Why Count Heart Rate and Not Steps
by Corporate Wellness Magazine
In 1998, I ran my first full-marathon using a Polar heart rate monitor where a strap around my rib cage that held a sensor transmitted information to a wristwatch clarified my heart rate. As long as my heart rate remained within its target range, I was in the flow.
A little more than five hours later, and 26.2 miles underneath my feet, I counted this device as my guide to complete this feat; it served me well in training, too. Not once did I consider how many steps I took, unless they were the ones up the stairs at home post-race. Keeping in the fat-burning zone was the goal.
Today, however, exercise success is dominated by how many steps a person counts. Approximately 10,000 steps is a recommended goal. Yet, is that enough to translate into success within a corporate wellness program?
Using the example of a full marathon, complete with night-before-mandatory-carb-loading, 10,000 steps equates to almost one-third of a full-marathon. About 33,000 steps equals 26.2 miles. That means, an employee would need to walk or run one-third of a full-marathon on a daily basis in order to make a goal assigned to them.
Sometimes that may just not work. Each human body has its own characteristics and what works best to optimize performance and remain healthy for one person may not translate well for another. As Dr. James Polk, chief of medicine, NASA, relays to Medical Tourism Magazine [see page 64], optimal health and wellness boils down to age-old truisms, eat right, exercise, get enough sleep and manage stress.
A successful outcome of exercise is derived not from meeting step goals but rather what a person is doing what works best for them. For some, it may mean less than 10,000 daily steps; for others, it may mean more. Kayaking, yoga, ballroom and Latin dancing, running—these are all also options to keep active. Getting one’s heart rate up into a fat-burning range is where the focus needs to be.
I had the opportunity to speak with the vice president of global sales at MIO Global, Emily Rothwell, about the significance measuring heart rate brings to the corporate wellness table. She concurred about the importance of knowing one’s heart rate, and shared how company’s founder realized that, in the 1990s, there were no strapless heart rate monitors. By 1999, CEO and founder Liz Dickinson launched MIO Global and a wristwatch personalized to track heart rate activity.
“You cannot cheat your heart rate and not all steps are created equal,” Rothwell emphatically explained. “Athletes back in the day were willing to put up with a lifestyle strap. Consumers are not. People are collecting steps, calories and heart rates. There is a race among all the brands and wearables to get as much data as possible; but, a lot of research shows that it is now more about making the data meaningful, provide clarity around the data to effectuate change.”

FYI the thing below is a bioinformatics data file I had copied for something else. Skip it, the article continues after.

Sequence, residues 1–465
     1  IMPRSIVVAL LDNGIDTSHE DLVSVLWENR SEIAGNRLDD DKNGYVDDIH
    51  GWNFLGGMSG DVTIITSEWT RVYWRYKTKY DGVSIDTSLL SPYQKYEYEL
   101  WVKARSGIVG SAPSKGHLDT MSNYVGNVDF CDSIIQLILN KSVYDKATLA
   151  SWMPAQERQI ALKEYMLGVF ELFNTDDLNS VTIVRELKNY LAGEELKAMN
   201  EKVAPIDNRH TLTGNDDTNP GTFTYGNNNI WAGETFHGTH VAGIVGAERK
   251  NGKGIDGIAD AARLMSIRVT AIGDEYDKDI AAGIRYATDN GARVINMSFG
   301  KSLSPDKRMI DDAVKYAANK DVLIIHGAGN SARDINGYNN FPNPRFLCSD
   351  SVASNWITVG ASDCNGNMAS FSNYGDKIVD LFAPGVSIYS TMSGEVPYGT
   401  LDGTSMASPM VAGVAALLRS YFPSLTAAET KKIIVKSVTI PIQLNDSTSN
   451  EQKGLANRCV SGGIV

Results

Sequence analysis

Rothwell cited a research study by Norwegian University of Science and Technology on the long-term effects of exercise and activity on a population involving 60,000 people by measuring heart rate and recommending activity intensity and duration based on each individual’s needs determined by tests. Tests included respiration, blood samples, tissue samples and more and were taken over a period of 30 years. Over that length of time, a subset of people died, and research shows it was due to mortality. Following another subset of people and applying the concept of personalized activity intelligence, or PAI—a formula customized to each individual within the group to optimize health—researchers discovered that individuals who maintained a specific PAI score lived 10 years longer.
Rothwell explained the concept of PAI, and how the MIO Global heart rate monitors implement the algorithm to provide efficacy to its users.
“If you are keeping your PAI score at 100, you can know you are staying active for what you need to do to optimize your health,” she said. “Each activity you choose accumulates points, and the goal is to reach 100 points based on your personal health measures, like heart rate, weight, age, etc. It’s personal, everybody has a heart rate, and achieves a 100 PAI score differently. These points confirm if you are maximizing yourself and what you need to do to stay healthy.”
Like many other topics in life, heart rate is just a heart rate without context around it.
For me, staying in my target heart rate range during the brutal but best-day-of-my-life meant I would cross the finish line and earn a medal with Disney’s Mickey Mouse face on it. Face up toward the sky, bright shining sun to look at, I did it. And only then did my heart skip a beat.